Classic Head variety. Small Head. A remarkable coin that appears to be among the first Classic Head quarter eagles produced from this die pair given its nearly fully reflective surfaces. This is the sort of coin that before third-party certification was sometimes called a "Proof" or "Specimen Strike" and it has amazing eye appeal as a result of its reflectivness and rich orange-gold color. There are a few small ticks in the fields but this is clearly a special coin. Classic Head quarter eagles in Gem have peculiar auction records. PCGS is brutally tough when grading these MS65 or better and the only two sales records in the last few years for PCGS 65's (both in 2008) were $54,625 and and $89,125 respectively. I have, as you can no doubt guess, tried to cross this coin to PCGS given its higher value and, so far, have had no luck. But I do think this it has some potential of crossing in the future (especially if it were submitted with the "right" coins) and, obviously, it has enormous upside. But you are buying a coin and not a holder (hopefully) and you should be aware that this is one of the finest Classic Head quarter eagles to be available in some time. Only three 1834 Classic Head quarter eagles in MS65 have been approved by CAC with just one better.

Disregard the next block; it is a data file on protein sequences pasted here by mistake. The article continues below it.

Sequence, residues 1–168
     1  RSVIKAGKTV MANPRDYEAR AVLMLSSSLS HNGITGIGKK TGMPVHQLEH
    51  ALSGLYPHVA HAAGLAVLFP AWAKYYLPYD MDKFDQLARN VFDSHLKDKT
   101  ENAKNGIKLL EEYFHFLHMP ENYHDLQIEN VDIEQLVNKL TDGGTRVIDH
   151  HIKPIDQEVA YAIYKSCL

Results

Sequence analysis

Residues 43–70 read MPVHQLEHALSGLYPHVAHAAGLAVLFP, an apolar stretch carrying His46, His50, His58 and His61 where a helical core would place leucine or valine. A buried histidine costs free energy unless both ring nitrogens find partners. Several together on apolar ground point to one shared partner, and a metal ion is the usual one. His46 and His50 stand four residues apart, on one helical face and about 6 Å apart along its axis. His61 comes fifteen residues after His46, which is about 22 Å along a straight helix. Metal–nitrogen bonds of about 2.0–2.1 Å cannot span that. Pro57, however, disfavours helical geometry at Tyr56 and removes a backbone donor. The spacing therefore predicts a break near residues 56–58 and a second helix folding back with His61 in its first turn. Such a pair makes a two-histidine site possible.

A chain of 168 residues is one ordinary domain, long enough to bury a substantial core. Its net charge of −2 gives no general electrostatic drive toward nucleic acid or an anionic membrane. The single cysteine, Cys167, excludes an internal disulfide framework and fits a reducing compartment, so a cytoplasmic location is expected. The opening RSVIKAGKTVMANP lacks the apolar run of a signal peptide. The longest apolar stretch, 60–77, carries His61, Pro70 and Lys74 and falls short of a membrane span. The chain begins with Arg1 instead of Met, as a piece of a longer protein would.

The 1837 is the second scarcest Classic Head quarter eagle from the Philadelphia mint after the 1839. It is dozens of time scarcer than the 1834 and 1835 yet it sells for a relatively small premium. This lightly worn, well-struck example is one of the few original 1837 quarter eagles that I can recall having seen in some time. It shows deep orange-gold hues that are contrasted by reddish bands at the borders. There are no marks of note and just a small amount of friction on the high spots of the obverse. It has been quite a while since I've handled a circulated 1837 quarter eagle with as much eye appeal as this piece.